The Taiwanese Ministry of National Defence (MND) is reportedly planning to reduce the number of Lockheed Martin-built F-16 C/D fighter jets it had already requested from the US Government, in the wake of budgetary constraints.

According to local media reports, senior ministry officials have informed Washington about a significant reduction in numbers from an original 66 to 24 aircraft during the recently concluded Monterey Talks between the two countries, in the US.

An unidentified authoritative military source was quoted by China Times as saying: "The number of desired F-16 C/Ds has fallen to 24, down from 66 when the Taiwanese delegates put forth the proposal."

Taiwan had initially requested the F-16 sale in 2007, only to be refused by the US, which instead offered to upgrade its fleet of F-16A/B aircraft under a potential $5.85bn deal in September 2011.

The Liberty Times quoted a defence source as saying that the country can hardly afford to purchase a fleet of 66 F-16 C/D fighters, following the costly F-16 A/B upgrade programme.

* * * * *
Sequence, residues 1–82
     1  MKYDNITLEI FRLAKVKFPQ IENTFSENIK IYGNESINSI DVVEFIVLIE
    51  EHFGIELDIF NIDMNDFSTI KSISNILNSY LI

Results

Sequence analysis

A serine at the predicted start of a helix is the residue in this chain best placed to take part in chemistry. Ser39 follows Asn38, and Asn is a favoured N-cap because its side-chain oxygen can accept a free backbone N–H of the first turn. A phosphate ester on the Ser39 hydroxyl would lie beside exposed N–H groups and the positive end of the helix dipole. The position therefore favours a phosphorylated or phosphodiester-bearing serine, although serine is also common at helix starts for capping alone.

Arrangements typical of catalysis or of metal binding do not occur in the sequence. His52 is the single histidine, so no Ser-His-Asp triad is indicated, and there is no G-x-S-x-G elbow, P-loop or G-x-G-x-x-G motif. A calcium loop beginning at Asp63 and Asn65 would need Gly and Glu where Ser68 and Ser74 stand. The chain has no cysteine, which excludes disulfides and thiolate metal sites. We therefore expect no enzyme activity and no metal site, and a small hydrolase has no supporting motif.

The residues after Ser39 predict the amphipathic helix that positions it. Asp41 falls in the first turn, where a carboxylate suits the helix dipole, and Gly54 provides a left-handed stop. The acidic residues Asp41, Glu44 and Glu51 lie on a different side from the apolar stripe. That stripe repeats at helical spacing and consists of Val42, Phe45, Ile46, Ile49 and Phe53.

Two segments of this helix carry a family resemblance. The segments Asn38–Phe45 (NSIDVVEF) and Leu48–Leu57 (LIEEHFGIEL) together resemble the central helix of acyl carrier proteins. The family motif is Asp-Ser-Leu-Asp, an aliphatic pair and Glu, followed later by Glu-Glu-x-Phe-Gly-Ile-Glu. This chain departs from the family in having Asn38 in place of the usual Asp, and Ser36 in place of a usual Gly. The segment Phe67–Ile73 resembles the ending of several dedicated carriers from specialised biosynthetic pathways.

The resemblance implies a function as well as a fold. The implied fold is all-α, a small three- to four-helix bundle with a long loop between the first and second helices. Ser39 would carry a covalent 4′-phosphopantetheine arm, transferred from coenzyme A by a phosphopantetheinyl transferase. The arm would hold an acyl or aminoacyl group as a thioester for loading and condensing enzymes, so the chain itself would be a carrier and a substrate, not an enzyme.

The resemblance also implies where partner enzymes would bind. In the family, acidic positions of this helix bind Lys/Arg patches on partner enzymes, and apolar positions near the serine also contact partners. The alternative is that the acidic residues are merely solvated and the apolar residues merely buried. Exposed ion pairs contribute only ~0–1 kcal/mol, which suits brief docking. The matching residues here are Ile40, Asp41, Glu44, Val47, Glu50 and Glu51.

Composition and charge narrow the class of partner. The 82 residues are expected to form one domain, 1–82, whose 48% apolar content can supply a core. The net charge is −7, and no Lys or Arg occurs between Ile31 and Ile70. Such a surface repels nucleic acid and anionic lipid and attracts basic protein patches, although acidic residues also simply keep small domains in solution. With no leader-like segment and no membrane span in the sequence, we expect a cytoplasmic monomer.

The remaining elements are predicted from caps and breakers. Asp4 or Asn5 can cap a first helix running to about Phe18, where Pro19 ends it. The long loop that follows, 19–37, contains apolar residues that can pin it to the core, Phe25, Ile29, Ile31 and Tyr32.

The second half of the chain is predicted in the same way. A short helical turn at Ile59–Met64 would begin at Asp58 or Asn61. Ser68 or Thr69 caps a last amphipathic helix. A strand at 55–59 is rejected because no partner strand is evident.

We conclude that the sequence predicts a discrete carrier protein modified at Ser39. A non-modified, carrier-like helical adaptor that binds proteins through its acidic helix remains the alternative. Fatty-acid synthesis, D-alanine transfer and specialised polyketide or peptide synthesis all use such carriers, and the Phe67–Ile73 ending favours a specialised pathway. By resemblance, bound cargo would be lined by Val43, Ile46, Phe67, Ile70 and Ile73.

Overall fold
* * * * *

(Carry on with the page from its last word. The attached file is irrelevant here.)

Ruling Kuomintang party legislator Lin Yu-fang told China Times that the ministry might have slashed the numbers in an effort to keep its options open for the acquisition of fifth generation F-35 Lightning II Joint strike Fighter (JSF) aircraft in the future.

However, defence ministry spokesman major general David Lo denied the reports, saying that the country has not made any such proposal to the US.

Last month saw Taiwan sign the letter of offer and acceptance (LOA) for the commencement of the first phase of the F-16A/B Fighting Falcon jets upgrade programme, which is worth $3.7bn.

Powered by a single Pratt & Whitney F-100-GE-129 turbofan engine, the F-16 C/D is an upgraded variant of F-16, featuring improved cockpit avionics, radars and all-weather capability with beyond-visual-range (BVR) AIM-7 and AIM-120 air-air missiles.

Image: A US Air Force’s F-16C Fighting Falcon conducting a training mission over North Carolina, US. Photo: courtesy of SMSgt Thomas Meneguin.